Since moving to the Northwest almost eight years ago, I've learned to spend holidays in an entirely new way. Growing up, my family always got together for the holidays. We typically spent them all with my dad's parents, and we had a Christmas Eve tradition with my mom's brother and his family.
So, when you move away from everything and your husband works a swing shift, the holidays can turn blue. The very first Thanksgiving I spent out here was actually before Seth and I were married, and I was just visiting. He had to work that evening, so I snuggled up on the couch with a frozen dinner. Pathetic, huh? Since then, my holidays have (slowly) progressed into our own traditions. There was the year I cooked one tiny game hen for myself and enjoyed a bottle of wine. Bad idea.
But as jobs changed and life moved on, we began to create traditions of our own. We enjoy quiche on holiday mornings and Lamb Popsicles on Christmas. We've roasted turkeys with friends and had many wonderful meals around our table. But this year was different. With the recent addition to our family, I can barely plan humdrum weekday dinners, so thinking about Thanksgiving was a little overwhelming. We'd let our friends know they were welcome to come over, but everyone was headed out of town or to a family function.
Then I got a call from cousin Nathan who recently moved to Oregon via Dallas; Togo, Africa; Boston; New Zealand; the French countryside; and, most recently, Northern California. Our dads are brothers and we grew up about three hours apart -- he in Dallas, and I outside of Oklahoma City. We played together as kids during holidays and summer visits, but as we got older, we saw each other less. Then after college he joined the Peace Corps and started a journey that would take him around the globe. He's an organic farmer, winemaker, carpenter and generally all-around-going-to-make-it-anywhere kind of guy.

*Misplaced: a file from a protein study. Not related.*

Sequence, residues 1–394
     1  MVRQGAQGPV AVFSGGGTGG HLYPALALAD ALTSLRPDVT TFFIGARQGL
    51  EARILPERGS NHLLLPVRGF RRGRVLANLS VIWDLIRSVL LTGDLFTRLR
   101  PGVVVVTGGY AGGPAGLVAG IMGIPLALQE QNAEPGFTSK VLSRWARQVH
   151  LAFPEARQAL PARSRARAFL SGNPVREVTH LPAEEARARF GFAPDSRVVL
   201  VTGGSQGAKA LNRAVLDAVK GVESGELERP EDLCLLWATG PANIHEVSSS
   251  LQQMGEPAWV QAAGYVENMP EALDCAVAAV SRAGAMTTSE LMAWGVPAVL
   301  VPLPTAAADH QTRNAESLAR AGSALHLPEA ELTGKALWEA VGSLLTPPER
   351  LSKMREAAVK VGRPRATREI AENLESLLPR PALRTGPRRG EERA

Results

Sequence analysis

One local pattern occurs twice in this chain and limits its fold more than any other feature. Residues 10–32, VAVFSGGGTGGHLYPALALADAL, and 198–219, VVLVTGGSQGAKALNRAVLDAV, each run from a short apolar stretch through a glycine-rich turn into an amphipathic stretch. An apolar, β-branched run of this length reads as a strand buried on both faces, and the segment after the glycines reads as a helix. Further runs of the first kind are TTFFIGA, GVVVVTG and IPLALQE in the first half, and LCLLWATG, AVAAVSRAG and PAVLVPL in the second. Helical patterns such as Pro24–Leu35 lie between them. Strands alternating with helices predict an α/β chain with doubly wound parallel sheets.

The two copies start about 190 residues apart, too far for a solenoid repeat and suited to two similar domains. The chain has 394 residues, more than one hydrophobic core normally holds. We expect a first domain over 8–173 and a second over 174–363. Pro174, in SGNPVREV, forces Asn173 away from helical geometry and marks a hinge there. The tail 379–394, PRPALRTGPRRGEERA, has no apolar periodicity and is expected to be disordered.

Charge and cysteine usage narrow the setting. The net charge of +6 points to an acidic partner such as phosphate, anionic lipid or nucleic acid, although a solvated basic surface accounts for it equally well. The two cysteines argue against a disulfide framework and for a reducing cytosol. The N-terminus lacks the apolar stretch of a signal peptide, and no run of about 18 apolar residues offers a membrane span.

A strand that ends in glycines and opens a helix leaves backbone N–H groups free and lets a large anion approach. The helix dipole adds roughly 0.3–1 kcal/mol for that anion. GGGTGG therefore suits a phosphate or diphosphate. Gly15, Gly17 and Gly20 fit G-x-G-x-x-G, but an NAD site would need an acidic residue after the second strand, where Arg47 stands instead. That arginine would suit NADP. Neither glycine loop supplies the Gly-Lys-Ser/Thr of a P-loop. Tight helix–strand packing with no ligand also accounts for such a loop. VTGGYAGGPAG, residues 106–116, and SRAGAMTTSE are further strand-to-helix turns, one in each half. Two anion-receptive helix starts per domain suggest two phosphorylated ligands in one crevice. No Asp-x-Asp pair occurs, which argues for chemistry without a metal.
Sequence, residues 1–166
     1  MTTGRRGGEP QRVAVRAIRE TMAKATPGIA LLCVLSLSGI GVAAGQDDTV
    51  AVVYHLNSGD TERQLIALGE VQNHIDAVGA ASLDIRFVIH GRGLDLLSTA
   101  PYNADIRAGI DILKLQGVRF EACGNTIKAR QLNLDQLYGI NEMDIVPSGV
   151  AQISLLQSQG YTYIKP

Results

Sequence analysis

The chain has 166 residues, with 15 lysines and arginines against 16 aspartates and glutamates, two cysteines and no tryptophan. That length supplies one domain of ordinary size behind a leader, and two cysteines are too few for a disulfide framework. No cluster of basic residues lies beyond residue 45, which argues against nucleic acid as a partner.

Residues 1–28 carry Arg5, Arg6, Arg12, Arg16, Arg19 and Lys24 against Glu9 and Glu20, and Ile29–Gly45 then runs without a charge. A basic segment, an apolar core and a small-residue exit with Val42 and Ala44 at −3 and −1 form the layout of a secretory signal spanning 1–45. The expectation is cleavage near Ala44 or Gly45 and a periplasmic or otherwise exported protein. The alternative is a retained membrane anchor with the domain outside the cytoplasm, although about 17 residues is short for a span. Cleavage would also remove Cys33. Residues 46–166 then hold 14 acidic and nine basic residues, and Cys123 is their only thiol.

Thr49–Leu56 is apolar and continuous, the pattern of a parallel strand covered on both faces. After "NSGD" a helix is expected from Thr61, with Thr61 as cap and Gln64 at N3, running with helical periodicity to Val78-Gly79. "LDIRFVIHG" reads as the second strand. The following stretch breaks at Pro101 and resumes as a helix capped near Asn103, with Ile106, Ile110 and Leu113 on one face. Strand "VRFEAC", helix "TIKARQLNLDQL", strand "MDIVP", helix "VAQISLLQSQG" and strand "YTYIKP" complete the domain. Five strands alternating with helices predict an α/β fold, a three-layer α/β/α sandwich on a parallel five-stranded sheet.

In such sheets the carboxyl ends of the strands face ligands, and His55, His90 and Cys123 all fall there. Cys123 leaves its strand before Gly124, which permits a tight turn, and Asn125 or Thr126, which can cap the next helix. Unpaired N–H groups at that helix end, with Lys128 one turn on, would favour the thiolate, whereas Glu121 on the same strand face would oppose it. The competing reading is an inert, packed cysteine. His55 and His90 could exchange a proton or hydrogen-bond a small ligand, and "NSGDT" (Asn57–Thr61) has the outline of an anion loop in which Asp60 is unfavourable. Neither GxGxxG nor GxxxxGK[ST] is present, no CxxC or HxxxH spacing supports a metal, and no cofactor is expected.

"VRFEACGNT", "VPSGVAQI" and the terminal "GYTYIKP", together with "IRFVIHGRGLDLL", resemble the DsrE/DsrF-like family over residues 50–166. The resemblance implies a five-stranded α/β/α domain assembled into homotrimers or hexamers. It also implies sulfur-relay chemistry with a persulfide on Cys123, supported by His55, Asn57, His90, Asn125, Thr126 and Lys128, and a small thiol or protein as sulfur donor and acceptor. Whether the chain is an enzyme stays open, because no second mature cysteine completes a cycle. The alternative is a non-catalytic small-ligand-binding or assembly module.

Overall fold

Somehow or another, we've both now landed fairly close to each other. He just bought some land and an old farmhouse that's about an hour from our home, and he plans on starting his own farm.
This year, it was Nathan who completed our holiday. He called the Friday beforeand said he wanted to come for dinner, and he also had a nine-pound turkey he'd raised that he wanted us to roast.
The extent of my meal planning was a trip to the farmer's market to pick up whatever veggies looked good. Then I ran by Julia Bakery to pick up their delicious challah to make a pumpkin bread pudding (which I served warm with some yummy homemade maple ice cream).
Thanksgiving afternoon, Nathan, Seth and I took turns entertaining Jasper, and we all helped with the cooking. It was a small gathering but one that won't soon be forgotten. We had great company, ate good food and drank good wine.
Of course this year we have plenty to be thankful for, but the opportunity to share a holiday with family who lives close was an added treat. Not to mention the fun of having the farmer and the winemaker at the table with us.